Why do some annual reports succeed in communicating with their audiences and others fail? What makes excellent annual reports stand out from the large numbers of mediocre ones produced at great cost, often by companies that should know better?
Although disclosure requirements vary from country to country, the basics of producing a good annual report remain the same internationally. This article focuses on the input of the communicator, the designer and the investor relations executive who, each in his or her own way, has a contribution to make toward producing a report of excellence.
Different levels; same basics
A few words about annual reports in general. They run on so many different levels -- not just from company to company, but also from country to country. Some are required to be published by law; others, coming from unlisted companies, have more leeway and appear as pure PR documents. The key issues to be addressed by one company may be totally different from those addressed by another because of the industry that it is in and the conditions it operates in.
In addition, disclosure requirements vary from country to country and the focus of the non-statutory section also will differ depending on investment patterns and on the accountability to different stakeholders.
Having said that, the basics of producing a good annual report remain the same internationally with the elements of writing and overall design saying to the recipient, "Take this report and read me."
The role of the communicator
Ideally, the annual report should be "a labour of love" for the communicator, but, sadly, in many cases, it becomes just "a labour." Why? I believe that this happens whenever the communicator hasn't established a firm policy of direction from the outset.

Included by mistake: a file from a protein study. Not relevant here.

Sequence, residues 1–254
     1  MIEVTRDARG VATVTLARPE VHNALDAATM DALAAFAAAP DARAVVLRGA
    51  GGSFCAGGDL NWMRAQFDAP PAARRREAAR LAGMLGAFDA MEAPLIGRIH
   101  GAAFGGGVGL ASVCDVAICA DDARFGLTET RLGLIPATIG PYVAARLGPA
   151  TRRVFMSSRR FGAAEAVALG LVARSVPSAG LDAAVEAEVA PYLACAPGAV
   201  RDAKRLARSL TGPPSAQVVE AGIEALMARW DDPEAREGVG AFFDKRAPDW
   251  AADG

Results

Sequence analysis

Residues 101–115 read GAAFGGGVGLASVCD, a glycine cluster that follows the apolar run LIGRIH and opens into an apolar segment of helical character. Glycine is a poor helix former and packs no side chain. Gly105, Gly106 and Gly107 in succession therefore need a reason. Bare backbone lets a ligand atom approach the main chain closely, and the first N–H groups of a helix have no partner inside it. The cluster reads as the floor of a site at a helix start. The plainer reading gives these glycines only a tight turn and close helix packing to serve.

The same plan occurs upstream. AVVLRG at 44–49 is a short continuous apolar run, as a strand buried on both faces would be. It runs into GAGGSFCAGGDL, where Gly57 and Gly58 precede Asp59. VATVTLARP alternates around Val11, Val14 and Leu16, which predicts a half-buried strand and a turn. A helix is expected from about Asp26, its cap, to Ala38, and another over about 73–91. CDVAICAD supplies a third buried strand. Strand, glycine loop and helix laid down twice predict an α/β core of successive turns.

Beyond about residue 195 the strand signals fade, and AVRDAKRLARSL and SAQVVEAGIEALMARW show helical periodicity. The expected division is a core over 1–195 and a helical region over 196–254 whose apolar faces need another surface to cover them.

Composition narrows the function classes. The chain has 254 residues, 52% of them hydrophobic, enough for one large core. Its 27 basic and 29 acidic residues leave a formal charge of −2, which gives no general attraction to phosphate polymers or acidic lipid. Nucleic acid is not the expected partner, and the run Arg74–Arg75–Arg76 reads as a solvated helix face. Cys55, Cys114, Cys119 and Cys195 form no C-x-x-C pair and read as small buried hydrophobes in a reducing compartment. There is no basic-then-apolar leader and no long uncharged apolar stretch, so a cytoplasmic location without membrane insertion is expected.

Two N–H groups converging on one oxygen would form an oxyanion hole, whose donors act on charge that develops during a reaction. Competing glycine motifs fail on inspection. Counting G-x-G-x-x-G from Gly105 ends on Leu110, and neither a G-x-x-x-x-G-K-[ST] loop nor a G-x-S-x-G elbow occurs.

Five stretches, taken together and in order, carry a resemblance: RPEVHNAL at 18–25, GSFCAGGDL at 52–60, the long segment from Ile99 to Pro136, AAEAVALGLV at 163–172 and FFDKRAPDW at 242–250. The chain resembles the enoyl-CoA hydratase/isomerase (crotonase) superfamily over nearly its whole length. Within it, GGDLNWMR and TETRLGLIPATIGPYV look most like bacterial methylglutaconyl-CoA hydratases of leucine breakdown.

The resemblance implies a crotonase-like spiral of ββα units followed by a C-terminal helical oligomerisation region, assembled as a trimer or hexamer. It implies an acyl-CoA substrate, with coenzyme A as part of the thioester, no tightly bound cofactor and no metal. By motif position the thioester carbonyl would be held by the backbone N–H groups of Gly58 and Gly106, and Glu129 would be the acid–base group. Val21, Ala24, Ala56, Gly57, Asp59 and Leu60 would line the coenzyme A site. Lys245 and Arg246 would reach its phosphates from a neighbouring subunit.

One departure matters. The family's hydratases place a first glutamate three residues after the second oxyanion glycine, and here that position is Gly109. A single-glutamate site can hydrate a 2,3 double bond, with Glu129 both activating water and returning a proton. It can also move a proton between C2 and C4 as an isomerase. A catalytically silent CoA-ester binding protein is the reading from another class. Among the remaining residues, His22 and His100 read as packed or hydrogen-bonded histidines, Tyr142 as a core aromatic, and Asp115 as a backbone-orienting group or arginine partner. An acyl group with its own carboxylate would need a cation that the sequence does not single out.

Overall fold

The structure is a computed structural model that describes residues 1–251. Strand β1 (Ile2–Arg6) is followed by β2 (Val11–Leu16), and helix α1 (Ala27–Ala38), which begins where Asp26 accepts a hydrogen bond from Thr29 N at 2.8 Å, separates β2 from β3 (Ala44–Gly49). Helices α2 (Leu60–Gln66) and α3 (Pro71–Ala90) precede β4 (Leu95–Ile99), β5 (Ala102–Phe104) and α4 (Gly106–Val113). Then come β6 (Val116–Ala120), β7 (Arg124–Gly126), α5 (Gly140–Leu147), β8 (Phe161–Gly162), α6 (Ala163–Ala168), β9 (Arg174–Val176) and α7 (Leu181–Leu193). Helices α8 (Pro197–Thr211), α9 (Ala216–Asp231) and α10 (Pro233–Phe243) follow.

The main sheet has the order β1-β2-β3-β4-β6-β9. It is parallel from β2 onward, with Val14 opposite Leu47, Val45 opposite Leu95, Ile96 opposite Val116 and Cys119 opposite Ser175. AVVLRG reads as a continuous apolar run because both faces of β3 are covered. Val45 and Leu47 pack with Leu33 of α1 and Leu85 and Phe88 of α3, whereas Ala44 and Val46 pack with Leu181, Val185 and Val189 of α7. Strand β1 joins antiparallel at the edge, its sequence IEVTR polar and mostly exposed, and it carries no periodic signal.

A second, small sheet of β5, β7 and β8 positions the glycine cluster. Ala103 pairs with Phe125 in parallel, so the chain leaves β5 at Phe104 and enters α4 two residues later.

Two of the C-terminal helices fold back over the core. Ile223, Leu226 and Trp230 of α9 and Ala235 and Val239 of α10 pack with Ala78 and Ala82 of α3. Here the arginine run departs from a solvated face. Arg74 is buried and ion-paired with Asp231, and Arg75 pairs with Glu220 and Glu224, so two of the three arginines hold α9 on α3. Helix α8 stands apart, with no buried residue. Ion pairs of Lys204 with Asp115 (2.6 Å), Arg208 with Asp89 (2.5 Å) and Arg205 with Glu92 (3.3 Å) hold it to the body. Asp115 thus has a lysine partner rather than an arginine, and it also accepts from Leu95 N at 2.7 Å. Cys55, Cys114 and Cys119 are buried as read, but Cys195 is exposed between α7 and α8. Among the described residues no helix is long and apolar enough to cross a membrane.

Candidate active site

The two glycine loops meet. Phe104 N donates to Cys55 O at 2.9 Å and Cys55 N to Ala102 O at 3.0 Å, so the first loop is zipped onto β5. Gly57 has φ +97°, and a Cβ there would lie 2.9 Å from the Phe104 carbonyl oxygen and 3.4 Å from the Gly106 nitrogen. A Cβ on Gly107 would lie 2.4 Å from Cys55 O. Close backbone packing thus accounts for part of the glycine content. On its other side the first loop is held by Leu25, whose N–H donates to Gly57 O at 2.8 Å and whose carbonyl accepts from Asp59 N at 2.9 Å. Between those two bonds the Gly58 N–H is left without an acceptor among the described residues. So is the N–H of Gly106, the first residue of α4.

A man with whom I have worked for many years has evolved a basic checklist of questions which he addresses prior to the start of every annual report. I call it "John Cammell's Checklist" after its initiator and the questions he uses are as follows:
* What is our corporate personality?
* What is our reputation?
* What are our strengths?
* What are our weaknesses?
* What steps have we taken to increase earnings?
* What external factors have impacted on us?
* How have we performed as a business?
* How have we performed in the community?
* What were our greatest accomplishments during the year?
* What problems did we encounter and what steps are we taking to solve them?
These are all questions that your wide spectrum of readers would like addressed.
Obviously, you have to check with your management as to what key messages they want to put across; check with analysts as to what issues they want discussed in the report; check on the perceptions that the financial community has about your company.
This process will help you evolve themes for the publication; it will help capture the image and the spirit of the company and unite the design and the contents. (For example, see Chevron Corporation, 1990 and 1991.)
The readability of the report is the responsibility of the communicator. So many reports are written in "legalese" or "financese" that one might as well be trying to decipher a document in a foreign language! Simple, readable language, with the minimum of buzzwords, technical jargon and platitudes is all that is required -- and the same goes for any language or languages that you are publishing in.
The communicator who coordinates the production of an annual report has a responsibility to the target audiences when it comes to relevance and readability. The reports that don't score well in the excellence stakes are the ones where the "upfront" copy section seems to have been written by the management and only for the management.
Two examples of reports which, in my opinion, have a readability element about them -- and would appeal to the financial person, the employee, the shareholder, or to the potential investor, are Hewlett Packard's 1991 report and Toyota's 1991 report for English consumers. …